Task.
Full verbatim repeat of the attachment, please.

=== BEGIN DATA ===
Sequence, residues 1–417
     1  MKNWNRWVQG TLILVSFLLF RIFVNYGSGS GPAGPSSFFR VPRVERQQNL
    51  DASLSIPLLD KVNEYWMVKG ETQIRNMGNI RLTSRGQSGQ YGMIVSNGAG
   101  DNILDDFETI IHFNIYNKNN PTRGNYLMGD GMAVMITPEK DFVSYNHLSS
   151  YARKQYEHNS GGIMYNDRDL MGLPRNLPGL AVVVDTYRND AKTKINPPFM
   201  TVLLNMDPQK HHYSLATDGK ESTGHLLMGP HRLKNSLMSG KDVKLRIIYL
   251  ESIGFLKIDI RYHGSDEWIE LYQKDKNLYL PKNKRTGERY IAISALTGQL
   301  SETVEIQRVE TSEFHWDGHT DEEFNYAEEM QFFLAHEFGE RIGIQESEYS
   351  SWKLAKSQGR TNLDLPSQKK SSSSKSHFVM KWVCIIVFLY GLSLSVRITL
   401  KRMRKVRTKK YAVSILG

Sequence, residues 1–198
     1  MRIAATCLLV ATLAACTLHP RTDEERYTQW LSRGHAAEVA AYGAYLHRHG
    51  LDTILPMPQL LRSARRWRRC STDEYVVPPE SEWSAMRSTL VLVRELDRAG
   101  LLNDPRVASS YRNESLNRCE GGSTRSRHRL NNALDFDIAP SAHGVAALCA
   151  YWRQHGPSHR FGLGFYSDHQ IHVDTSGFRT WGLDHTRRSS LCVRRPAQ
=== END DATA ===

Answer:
Sequence, residues 1–417
     1  MKNWNRWVQG TLILVSFLLF RIFVNYGSGS GPAGPSSFFR VPRVERQQNL
    51  DASLSIPLLD KVNEYWMVKG ETQIRNMGNI RLTSRGQSGQ YGMIVSNGAG
   101  DNILDDFETI IHFNIYNKNN PTRGNYLMGD GMAVMITPEK DFVSYNHLSS
   151  YARKQYEHNS GGIMYNDRDL MGLPRNLPGL AVVVDTYRND AKTKINPPFM
   201  TVLLNMDPQK HHYSLATDGK ESTGHLLMGP HRLKNSLMSG KDVKLRIIYL
   251  ESIGFLKIDI RYHGSDEWIE LYQKDKNLYL PKNKRTGERY IAISALTGQL
   301  SETVEIQRVE TSEFHWDGHT DEEFNYAEEM QFFLAHEFGE RIGIQESEYS
   351  SWKLAKSQGR TNLDLPSQKK SSSSKSHFVM KWVCIIVFLY GLSLSVRITL
   401  KRMRKVRTKK YAVSILG

Sequence, residues 1–198
     1  MRIAATCLLV ATLAACTLHP RTDEERYTQW LSRGHAAEVA AYGAYLHRHG
    51  LDTILPMPQL LRSARRWRRC STDEYVVPPE SEWSAMRSTL VLVRELDRAG
   101  LLNDPRVASS YRNESLNRCE GGSTRSRHRL NNALDFDIAP SAHGVAALCA
   151  YWRQHGPSHR FGLGFYSDHQ IHVDTSGFRT WGLDHTRRSS LCVRRPAQ